Interactive car windows to keep kids entertained on road

Windows are capable of responding to vehicle speed and location could augment real world views.

Written by Agencies | Sydney | Published: January 23, 2012 9:59:52 pm

Researchers are developing a new technology to turn your car’s rear windows into interactive devices that could allow backseat passengers,especially children,to have a more exciting experience while travelling. 

The technology designed by an arts and design college in Israel transforms a car door window into a touch screen for games – and gives kids the ability to scrawl messages or images with their fingertips.

Those images or messages can then also be “flipped” for other road users to see,Sydney Morning Herald reported.

Intending to overtake portable DVD players and other forms of in-car entertainment,the Belazel Academy’s “future lab” was commissioned by North American car maker General Motors to give kids “a richer experience on the road”.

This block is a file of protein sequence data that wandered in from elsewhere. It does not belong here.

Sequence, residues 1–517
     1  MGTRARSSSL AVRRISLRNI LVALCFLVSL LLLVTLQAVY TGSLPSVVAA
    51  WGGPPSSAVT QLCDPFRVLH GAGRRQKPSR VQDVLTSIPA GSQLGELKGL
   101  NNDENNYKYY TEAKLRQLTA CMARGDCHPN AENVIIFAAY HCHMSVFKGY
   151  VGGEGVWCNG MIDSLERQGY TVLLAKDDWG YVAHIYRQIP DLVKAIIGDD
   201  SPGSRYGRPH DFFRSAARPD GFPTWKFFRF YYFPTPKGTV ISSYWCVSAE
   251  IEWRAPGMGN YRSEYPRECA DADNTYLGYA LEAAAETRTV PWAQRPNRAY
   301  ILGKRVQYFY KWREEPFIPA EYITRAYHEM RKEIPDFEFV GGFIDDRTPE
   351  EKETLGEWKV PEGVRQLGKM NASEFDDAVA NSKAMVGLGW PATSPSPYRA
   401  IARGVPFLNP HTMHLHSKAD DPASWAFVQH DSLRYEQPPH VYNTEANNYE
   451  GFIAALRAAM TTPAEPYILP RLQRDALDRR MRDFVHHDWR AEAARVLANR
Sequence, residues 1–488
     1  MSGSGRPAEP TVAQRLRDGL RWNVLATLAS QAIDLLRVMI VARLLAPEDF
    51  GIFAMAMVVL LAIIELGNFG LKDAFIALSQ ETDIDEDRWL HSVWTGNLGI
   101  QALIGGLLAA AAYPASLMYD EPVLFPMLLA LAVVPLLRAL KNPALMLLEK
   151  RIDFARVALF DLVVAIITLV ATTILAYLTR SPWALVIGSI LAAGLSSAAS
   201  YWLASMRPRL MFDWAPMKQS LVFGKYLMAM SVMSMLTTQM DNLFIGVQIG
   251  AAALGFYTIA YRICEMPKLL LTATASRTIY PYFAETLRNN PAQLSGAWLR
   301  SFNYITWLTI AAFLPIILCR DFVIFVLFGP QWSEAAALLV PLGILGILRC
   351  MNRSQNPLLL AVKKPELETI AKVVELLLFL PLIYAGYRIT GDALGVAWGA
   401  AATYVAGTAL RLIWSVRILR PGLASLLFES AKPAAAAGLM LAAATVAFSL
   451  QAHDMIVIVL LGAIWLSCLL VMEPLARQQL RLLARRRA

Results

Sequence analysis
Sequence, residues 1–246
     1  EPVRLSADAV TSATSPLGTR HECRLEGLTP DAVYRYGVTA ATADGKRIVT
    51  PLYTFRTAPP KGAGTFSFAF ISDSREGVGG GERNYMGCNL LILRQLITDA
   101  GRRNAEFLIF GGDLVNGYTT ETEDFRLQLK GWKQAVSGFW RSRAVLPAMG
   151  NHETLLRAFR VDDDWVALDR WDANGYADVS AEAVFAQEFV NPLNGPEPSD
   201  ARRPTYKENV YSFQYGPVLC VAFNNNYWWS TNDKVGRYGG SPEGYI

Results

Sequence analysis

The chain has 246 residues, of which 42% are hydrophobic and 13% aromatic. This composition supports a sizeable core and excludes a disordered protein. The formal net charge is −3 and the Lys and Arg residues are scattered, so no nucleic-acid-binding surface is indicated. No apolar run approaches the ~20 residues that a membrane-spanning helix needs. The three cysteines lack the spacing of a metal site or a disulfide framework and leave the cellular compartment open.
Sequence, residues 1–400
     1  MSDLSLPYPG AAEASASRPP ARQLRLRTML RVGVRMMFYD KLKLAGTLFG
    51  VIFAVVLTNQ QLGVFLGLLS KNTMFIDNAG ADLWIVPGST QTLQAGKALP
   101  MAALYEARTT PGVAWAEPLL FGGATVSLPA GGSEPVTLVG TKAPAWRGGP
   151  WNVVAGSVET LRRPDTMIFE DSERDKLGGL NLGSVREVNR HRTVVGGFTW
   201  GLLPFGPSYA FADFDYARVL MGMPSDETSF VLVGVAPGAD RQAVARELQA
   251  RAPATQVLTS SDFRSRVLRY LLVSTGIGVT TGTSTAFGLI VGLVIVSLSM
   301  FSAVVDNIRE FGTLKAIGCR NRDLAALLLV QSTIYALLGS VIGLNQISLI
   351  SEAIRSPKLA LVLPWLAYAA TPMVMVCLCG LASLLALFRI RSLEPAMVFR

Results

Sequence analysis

The college came up several options like a cartoon character who is depicted flying,running,or jumping alongside the vehicle.

Another “augmented reality” mode offer kids an opportunity to choose different scenery – such as a night-time city scape – if they do not like the boring green fields outside the car.

The system employs motion and optical sensor technology that converts standard window glass into a multi-touch and gesture sensitive surface,comparable to an iPhone.

GM has said that it is only in the early stages of development and still years away from showrooms.

But the company asserted if interactive windows were put into automotive production they would most likely use electronically charged “smart glass” technology,which is capable of variable states of translucence and transparency,and can reflect projected images.

“Unlike my generation,where I explored the world with my dad’s tools,kids today are exploring the world with a digital toolbox,” said Thomas Seder,GM’s laboratory group manager for human-machine interface.

“Advanced windows that are capable of responding to vehicle speed and location could augment real world views … [and provide entertainment and educational value,” Seder added.

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